Has the High Court paved the way for an increase in civil penalties for directors?
A recent and widely-reported decision by the High Court on criminal sentencing, in which an appeal against a ‘manifestly inadequate’ sentence for incest was allowed, may have broader ramifications. Directors and others who potentially face exposure to civil penalties at the suit of regulators should bear in mind that the decision in DPP v Dalgliesh  HCA 41 has the potential to lead to courts imposing heavier civil penalties despite lighter penalties having historically been imposed in similar cases. This may, in turn, further complicate the already difficult decision of whether to contest proceedings brought by a regulator or agree on the contravention and submit an agreed penalty proposal for the Court’s consideration.
The High Court’s decision in Dalgliesh
In Dalgliesh, the respondent was charged with and pleaded guilty to several criminal charges, including a charge of incest. The sentence imposed by the sentencing judge in the Supreme Court of Victoria for the incest offence was a term of imprisonment for three and a half years. The maximum sentence for that offence was 25 years’ imprisonment. On appeal, the Court of Appeal declined to disturb the sentence handed down by the trial judge as the sentence, while low, was within the range indicated by current sentencing practices. The Court of Appeal refused the appeal notwithstanding its expressed view that current sentencing practices for incest are ‘demonstrably inadequate’ to the point that they reveal error in principle. The Court of Appeal considered itself bound by the constraints of prior sentences imposed for similar offences, but for the existence of which the sentence the subject of the appeal would have been overturned on the basis that it was manifestly inadequate.
The High Court unanimously allowed the DPP’s appeal from the Court of Appeal’s judgment. The approach taken by the Court of Appeal was criticised as placing undue weight on the requirement of consistency in sentencing. Relevantly, the High Court observed that:
- A person who pleads guilty to a criminal offence is not entitled to expect that he or she will be sentenced consistently with current sentencing practices. The only expectation should be ‘the imposition of a just sentence according to law’.
- The existence of a range of past sentences does not establish that the range is the ‘correct’ range and past sentences should not operate to fix boundaries that, practically speaking, bind the court.
- The statutory obligation to have regard to current sentencing practices is just one of a number of matters to which regard is to be had, which factors are not to be applied mechanically or mathematically. Another important factor required to be taken into account in sentencing is the maximum penalty prescribed for the offence.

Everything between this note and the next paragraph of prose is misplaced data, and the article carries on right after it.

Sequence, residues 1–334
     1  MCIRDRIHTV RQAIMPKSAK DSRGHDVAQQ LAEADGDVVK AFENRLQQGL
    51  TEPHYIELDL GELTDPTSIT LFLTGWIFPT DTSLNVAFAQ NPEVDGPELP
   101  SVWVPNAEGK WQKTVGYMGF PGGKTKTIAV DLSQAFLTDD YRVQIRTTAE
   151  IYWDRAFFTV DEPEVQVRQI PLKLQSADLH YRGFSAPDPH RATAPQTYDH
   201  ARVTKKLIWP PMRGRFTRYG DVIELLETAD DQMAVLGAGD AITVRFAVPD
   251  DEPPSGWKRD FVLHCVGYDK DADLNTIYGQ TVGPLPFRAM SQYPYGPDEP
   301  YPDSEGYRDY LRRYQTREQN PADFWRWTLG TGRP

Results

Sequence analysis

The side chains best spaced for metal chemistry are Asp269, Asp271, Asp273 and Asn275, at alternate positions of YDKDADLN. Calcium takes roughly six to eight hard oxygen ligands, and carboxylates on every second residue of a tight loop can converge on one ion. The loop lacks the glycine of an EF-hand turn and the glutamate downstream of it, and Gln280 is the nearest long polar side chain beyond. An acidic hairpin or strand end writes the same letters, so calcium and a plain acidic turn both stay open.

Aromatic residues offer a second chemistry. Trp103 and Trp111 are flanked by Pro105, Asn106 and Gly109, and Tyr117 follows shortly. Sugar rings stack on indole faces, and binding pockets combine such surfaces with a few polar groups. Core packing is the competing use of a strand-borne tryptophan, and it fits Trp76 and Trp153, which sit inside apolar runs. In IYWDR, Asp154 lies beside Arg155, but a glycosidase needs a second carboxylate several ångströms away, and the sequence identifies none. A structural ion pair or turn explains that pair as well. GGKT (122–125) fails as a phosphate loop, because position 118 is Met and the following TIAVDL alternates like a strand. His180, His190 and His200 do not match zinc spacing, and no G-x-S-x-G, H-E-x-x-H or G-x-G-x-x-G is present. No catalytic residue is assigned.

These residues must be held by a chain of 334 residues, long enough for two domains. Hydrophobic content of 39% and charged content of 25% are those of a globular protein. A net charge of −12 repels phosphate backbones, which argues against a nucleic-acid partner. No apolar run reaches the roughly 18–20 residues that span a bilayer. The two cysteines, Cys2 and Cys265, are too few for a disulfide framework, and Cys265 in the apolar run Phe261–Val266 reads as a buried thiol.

The matter has been remitted to the Court of Appeal for determination of the appeal against sentence.
What might this mean for directors facing civil penalty proceedings?
The maximum pecuniary penalty that can be imposed on an individual for various serious or materially prejudicial contraventions of ‘civil penalty provisions’ of the Corporations Act 2001 (Cth) is $200,000. Penalties imposed on directors and others who have contravened civil penalty provisions are typically much lower than the statutory maximum (which is reserved for the most serious cases). In imposing a civil penalty, or determining whether an agreed penalty falls within an appropriate range, courts have in the past understandably tended to place significant emphasis on the range of penalties previously imposed in analogous cases.
The High Court has in recent years noted the conceptual distinction between civil and criminal proceedings (see our update here), pointing to the desirability of parties to civil penalty proceedings reaching agreement on penalty and courts accepting those consensual proposals ‘where appropriate’. However, the judgments in the Dalgliesh case appear to invite the question of whether an agreed civil penalty proposal can be considered ‘appropriate’ if it affords too much deference to penalties that have been imposed in the past and does not place sufficient emphasis on the seriousness of the relevant conduct in the context of the maximum penalty set down by the legislature. Although Dalgliesh specifically concerns the criminal law sentencing process and the application of relevant provisions of the Sentencing Act 1991 (Vic), the High Court’s reasoning arguably extends well beyond the specific statutory wording considered in that case.
In our view it is possible that Dalgliesh will lead to a reconsideration of the role of past practice in setting the boundaries of an appropriate civil penalty. While penalties imposed in previous decisions will remain a relevant consideration, we may well observe a shift towards the quantum of penalty being determined more by reference to the objective seriousness of the impugned conduct having regard to the statutory maximum. To the extent that the courts may have considered themselves constrained from imposing a higher civil penalty, or rejecting an agreed civil penalty, by a ‘precedent’ of lighter past civil penalties, the clear indication from the High Court is that this now should no longer be the case.
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